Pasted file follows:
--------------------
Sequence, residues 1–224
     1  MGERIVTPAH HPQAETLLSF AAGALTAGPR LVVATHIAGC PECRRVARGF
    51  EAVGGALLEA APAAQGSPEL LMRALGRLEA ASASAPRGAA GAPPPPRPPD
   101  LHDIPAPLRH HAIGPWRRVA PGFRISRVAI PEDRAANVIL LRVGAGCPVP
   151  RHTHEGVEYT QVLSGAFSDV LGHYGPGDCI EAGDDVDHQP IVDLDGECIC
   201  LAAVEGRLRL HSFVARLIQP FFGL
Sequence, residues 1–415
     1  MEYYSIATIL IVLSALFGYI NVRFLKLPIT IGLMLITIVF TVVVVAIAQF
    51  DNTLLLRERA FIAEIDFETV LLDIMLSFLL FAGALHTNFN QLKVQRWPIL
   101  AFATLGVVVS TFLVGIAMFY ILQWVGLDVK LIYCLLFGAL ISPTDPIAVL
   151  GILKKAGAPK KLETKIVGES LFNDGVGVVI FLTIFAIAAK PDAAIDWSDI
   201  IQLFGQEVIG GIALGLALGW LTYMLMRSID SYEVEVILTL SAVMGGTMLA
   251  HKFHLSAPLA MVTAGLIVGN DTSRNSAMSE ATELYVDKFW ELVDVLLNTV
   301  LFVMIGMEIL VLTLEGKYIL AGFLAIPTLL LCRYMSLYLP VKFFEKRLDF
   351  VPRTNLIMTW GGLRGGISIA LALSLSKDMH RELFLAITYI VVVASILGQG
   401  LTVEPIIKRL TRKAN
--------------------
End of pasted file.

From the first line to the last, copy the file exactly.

Sequence, residues 1–224
     1  MGERIVTPAH HPQAETLLSF AAGALTAGPR LVVATHIAGC PECRRVARGF
    51  EAVGGALLEA APAAQGSPEL LMRALGRLEA ASASAPRGAA GAPPPPRPPD
   101  LHDIPAPLRH HAIGPWRRVA PGFRISRVAI PEDRAANVIL LRVGAGCPVP
   151  RHTHEGVEYT QVLSGAFSDV LGHYGPGDCI EAGDDVDHQP IVDLDGECIC
   201  LAAVEGRLRL HSFVARLIQP FFGL
Sequence, residues 1–415
     1  MEYYSIATIL IVLSALFGYI NVRFLKLPIT IGLMLITIVF TVVVVAIAQF
    51  DNTLLLRERA FIAEIDFETV LLDIMLSFLL FAGALHTNFN QLKVQRWPIL
   101  AFATLGVVVS TFLVGIAMFY ILQWVGLDVK LIYCLLFGAL ISPTDPIAVL
   151  GILKKAGAPK KLETKIVGES LFNDGVGVVI FLTIFAIAAK PDAAIDWSDI
   201  IQLFGQEVIG GIALGLALGW LTYMLMRSID SYEVEVILTL SAVMGGTMLA
   251  HKFHLSAPLA MVTAGLIVGN DTSRNSAMSE ATELYVDKFW ELVDVLLNTV
   301  LFVMIGMEIL VLTLEGKYIL AGFLAIPTLL LCRYMSLYLP VKFFEKRLDF
   351  VPRTNLIMTW GGLRGGISIA LALSLSKDMH RELFLAITYI VVVASILGQG
   401  LTVEPIIKRL TRKAN